The gallery will exhibit a collection of sculpture, drawings and prints by Henry Moore drawn from our inventory and include important loans from private collections. The gallery specialises in the work of Henry Moore, this will be the fifth exhibition over the last 30 years. The exhibition will include rare early work and reflect the evolution of his career over 60 years from early student works to the iconic mother and child and reclining figure sculptures and drawings of the last years.
Family Group, 1944
14.7 x 9.8 x 6.7 cm.
Edition of 9 + 1
Edgar B. Young & Jane White Young, New York (acquired from the artist on November 26, 1965)
Private Collection, USA (acquired from the above in 2002)
Osborne Samuel, London
David Sylvester, ed., Henry Moore, Complete Sculpture, vol. 1 , London, no. 231, illustration of the terracotta version p. 146
David Mitchinson et al., Celebrating Moore, Works from the Collection of The Henry Moore Foundation , London, 1998, no.143, illustration of another cast p.209
John Hedgecoe, Monumental Vision: The Sculpture of Henry Moore , London, 1998, no.234, illustration of the terracotta version, p.211
Dorothy Kosinski, Henry Moore: Sculpting the 20th Century (New Haven & London: Dallas Museum of Art/Yale University Press, 2001), cat. 50, illustrated in terracotta, p. 174.
Casts held at the San Diego Museum of Art & the Nelson-Atkins Museum of Art, Kansas City, USAThe terracotta original is held by the Henry Moore Foundation, Much Hadham, UK
A group of a dozen or more maquettes owes its origin to an unrealised commission for Impington Village College, in Cambridgeshire. When the educationalist Henry Morris approached Moore, in the 1930s, it was with an inspirational vision to create a centre for the surrounding villages, designed by the architect Walter Gropius, to integrate art, music, lectures, plays and films into everyday life. Moore instantly lighted upon the subject of the family, as most appropriate. Although funds proved insufficient to fulfil the project at the time, the idea took root.
In 1944, Morris again contacted Moore, who began to make sketches, then maquettes of family groups. Some were intended to be enlarged as bronze sculptures, but most were envisaged as stone carvings, Moore’s preferred medium for Impington. After nine months’ work, however, the project foundered, partly through lack of money, and partly due to the Education Authority’s lack of enthusiasm for Moore’s maquettes. Some years later, the ideas were developed as two significant commissions: Family Group (1948-9), in bronze for Barclay School in Stevenage, and Family Group (1954-5), in stone for Harlow New Town. ₁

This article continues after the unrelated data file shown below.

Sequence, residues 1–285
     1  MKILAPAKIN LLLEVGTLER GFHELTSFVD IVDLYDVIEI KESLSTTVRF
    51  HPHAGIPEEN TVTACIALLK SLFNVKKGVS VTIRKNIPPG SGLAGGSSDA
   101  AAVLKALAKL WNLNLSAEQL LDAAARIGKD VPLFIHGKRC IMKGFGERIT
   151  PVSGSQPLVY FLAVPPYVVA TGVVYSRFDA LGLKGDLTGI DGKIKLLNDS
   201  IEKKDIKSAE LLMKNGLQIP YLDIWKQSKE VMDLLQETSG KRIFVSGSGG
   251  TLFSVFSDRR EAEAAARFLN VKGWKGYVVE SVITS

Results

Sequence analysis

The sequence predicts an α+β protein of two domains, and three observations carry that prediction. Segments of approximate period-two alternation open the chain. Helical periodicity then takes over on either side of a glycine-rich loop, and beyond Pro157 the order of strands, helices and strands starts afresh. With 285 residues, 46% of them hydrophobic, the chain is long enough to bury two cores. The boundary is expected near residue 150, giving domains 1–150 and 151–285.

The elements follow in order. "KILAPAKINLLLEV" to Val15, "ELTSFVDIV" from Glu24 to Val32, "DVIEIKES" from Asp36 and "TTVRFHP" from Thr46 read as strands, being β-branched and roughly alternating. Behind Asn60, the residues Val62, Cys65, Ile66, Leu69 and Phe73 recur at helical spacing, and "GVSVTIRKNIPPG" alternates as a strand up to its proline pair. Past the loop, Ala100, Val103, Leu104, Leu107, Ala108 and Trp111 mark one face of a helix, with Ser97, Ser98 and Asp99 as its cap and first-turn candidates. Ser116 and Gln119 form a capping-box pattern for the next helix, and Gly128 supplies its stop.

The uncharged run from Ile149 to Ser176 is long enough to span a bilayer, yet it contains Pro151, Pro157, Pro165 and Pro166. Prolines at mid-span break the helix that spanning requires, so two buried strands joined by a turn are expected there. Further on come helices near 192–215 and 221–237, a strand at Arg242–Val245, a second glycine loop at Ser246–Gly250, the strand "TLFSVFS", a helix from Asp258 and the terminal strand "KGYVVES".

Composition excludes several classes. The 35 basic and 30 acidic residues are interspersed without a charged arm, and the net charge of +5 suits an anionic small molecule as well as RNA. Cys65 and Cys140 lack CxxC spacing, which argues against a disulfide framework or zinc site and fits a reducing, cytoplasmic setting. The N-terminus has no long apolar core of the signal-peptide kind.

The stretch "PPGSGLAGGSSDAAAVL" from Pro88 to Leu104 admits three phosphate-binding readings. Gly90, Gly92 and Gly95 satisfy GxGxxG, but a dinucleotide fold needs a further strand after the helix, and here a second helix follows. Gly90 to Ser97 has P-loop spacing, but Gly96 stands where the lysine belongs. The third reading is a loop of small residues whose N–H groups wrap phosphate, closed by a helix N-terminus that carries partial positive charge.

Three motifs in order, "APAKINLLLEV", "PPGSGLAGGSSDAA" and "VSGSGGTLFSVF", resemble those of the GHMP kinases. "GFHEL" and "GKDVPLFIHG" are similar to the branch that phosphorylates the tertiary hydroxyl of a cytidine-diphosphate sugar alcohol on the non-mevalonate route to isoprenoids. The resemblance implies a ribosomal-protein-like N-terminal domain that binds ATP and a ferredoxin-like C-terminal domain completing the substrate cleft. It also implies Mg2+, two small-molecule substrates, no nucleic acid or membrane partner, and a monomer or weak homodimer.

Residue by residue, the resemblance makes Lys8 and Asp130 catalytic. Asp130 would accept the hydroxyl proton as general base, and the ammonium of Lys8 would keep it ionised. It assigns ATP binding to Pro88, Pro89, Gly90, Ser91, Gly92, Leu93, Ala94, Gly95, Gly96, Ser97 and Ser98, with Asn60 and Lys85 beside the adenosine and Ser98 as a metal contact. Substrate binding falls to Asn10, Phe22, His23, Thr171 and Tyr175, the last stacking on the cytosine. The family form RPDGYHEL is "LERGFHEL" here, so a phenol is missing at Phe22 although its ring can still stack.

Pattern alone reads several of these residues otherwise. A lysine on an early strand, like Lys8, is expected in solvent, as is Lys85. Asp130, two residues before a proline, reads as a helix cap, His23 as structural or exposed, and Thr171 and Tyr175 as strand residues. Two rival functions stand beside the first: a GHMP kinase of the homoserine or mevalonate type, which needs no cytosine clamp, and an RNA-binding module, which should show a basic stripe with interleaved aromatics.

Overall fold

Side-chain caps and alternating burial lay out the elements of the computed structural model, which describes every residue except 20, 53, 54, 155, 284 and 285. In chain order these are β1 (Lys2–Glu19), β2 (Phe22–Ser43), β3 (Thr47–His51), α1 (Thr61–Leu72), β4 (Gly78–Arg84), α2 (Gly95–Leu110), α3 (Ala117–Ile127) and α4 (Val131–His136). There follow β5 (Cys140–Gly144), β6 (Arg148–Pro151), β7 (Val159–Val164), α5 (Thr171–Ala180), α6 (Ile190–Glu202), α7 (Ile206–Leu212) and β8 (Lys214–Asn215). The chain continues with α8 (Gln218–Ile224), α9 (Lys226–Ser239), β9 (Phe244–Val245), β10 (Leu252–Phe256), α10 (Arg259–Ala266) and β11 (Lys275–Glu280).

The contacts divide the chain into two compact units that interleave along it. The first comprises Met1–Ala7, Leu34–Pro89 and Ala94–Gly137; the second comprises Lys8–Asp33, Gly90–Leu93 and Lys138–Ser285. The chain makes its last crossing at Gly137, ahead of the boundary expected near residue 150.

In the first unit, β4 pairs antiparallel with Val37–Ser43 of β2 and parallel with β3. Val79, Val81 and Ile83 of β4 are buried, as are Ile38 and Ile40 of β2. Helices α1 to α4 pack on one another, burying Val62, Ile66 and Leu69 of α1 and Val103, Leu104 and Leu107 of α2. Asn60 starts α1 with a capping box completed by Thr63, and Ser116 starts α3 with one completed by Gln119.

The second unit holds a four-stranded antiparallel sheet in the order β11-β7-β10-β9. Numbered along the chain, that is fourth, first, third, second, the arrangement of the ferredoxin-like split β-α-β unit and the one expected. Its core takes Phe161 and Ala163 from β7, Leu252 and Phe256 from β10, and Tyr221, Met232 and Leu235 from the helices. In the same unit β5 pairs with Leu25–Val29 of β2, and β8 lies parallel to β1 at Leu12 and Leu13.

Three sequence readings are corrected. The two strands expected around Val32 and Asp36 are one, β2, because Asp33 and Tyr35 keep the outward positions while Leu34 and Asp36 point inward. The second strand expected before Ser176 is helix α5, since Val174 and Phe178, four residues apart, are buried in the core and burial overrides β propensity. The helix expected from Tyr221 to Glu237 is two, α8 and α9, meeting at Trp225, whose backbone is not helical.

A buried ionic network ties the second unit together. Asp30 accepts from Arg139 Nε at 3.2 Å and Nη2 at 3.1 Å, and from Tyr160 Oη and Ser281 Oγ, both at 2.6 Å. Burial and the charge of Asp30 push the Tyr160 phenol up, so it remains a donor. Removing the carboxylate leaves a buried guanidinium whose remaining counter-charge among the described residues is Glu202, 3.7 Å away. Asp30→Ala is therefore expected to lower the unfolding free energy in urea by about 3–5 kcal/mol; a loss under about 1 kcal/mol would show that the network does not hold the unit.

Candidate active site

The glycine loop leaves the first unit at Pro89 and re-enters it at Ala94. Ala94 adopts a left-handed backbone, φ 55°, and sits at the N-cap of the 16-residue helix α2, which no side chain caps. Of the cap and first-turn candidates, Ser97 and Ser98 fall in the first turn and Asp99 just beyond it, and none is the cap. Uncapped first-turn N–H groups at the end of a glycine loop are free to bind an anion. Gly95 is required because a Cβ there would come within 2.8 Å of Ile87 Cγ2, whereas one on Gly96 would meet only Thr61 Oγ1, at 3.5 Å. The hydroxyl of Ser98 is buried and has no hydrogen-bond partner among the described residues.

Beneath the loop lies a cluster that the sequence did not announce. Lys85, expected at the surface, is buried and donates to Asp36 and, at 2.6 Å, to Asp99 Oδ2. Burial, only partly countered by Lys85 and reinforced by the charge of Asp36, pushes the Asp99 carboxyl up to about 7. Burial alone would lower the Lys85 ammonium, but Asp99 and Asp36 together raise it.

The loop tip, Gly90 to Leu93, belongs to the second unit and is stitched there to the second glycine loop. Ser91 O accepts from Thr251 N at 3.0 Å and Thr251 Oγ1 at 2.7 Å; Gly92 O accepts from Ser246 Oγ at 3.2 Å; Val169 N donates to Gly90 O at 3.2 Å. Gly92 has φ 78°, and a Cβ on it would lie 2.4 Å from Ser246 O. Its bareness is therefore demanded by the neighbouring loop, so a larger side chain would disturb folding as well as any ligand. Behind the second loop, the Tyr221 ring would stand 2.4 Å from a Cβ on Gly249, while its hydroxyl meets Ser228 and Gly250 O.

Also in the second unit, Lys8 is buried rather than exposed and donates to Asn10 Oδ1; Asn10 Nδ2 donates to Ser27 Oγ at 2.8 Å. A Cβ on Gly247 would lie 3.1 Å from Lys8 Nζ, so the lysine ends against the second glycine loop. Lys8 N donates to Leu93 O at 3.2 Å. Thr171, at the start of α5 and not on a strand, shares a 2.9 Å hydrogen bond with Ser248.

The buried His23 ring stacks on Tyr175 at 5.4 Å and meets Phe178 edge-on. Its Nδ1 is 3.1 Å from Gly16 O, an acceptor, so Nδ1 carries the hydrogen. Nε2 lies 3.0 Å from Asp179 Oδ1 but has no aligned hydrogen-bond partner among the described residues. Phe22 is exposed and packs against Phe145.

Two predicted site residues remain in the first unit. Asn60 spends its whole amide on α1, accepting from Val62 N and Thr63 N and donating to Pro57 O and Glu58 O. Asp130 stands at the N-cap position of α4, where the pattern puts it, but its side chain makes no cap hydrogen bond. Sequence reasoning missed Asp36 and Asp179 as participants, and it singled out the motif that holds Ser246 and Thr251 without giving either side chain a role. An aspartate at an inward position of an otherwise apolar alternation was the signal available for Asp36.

Contemplating the Impington commission, Moore filled two sketchbooks with family groups. The compositions varied between one- and two-children families, with the children (of different ages) seated or standing. Some are more abstract than others, some figures contain holes, others have vestigial or split heads. The female figure is often swathed in a shawl or dress, and sometimes a blanket is draped, tenderly, over both figures’ knees. Moore regarded these sketches not only as generating ideas for sculpture but as a means of clarifying the subject in his mind: with a battery of possibilities before him, he could choose which to refine and take forward. In conversation with David Sylvester, Moore later identified the family group as his last significant subject to be developed through this process of drawing. ₂
The maquette for Family Group (1944) shows three seated figures. To the left, a woman holds a child, to the right, a man places one hand protectively on the woman’s shoulder, while his other hand holds a book. The message is clear: that a close family unit is inseparable from the values of education. Significantly, Morris had intended to bring all aspects of learning together at Impington, with parents and children using the same building, and ‘village’ and ‘college’ functioning, effectively, as families.₃ Morris’s thinking can be set against the backdrop of the Welfare State, with its focus on upholding and supporting the family as a vital anchor for society.
Having made a similar group of maquettes for the Northampton Madonna and Child, in 1943, Moore realised their potential, once editioned in bronze, for use as promotion or a source of income.₄ Family Group was editioned in 1956, from the original terracotta maquette, by Charles Gaskin of the Art Bronze Foundry in Chelsea. Bernard Meadows, who was Moore’s assistant at the time, recalled that some casts were roughly finished, and required considerable refinement before returning to the foundry for patination. The flipside to this, paradoxically, is that their final state can be considered to have been closely supervised and worked on by the artist.
Kenneth Clark remained critical of Moore’s family groups, considering them to lack the force, or menace, of other subjects. The phrase Clark used was ‘dutiful deadness’, which he diagnosed as stemming from Moore’s own personal happiness, as represented by the family – a wife and child.₅ Notwithstanding, Family Group (1944) is a beautifully conceived and realised maquette, possessing the quiet strength of its monumental counterparts. Moore’s commissions for Stevenage and Harlow, meanwhile, would become well-loved examples of public art.
₁ See Moore, in Alan Wilkinson (ed.), Henry Moore: Writings and Conversations (Aldershot: Lund Humphries, 2002), p. 89, 273-5.
₂ Henry Moore in ‘Henry Moore Talking to David Sylvester’ (7 June 1963), BBC Third Programme. See also Alice Correia, ‘Maquette for Family Group 1945 by Henry Moore OM, CH’, Tate Research Publications (2014).
₃ Andrew Causey, The Drawings of Henry Moore (Lund Humphries, 2010), p. 133.
₄ David Sylvester, ‘The Evolution of Henry Moore’s Sculpture: II’, The Burlington Magazine, Vol. 90, No. 544 (July 1948), p. 190.
₅ Kenneth Clark, Henry Moore Drawings (London: Thames and Hudson, 1974), p. 155.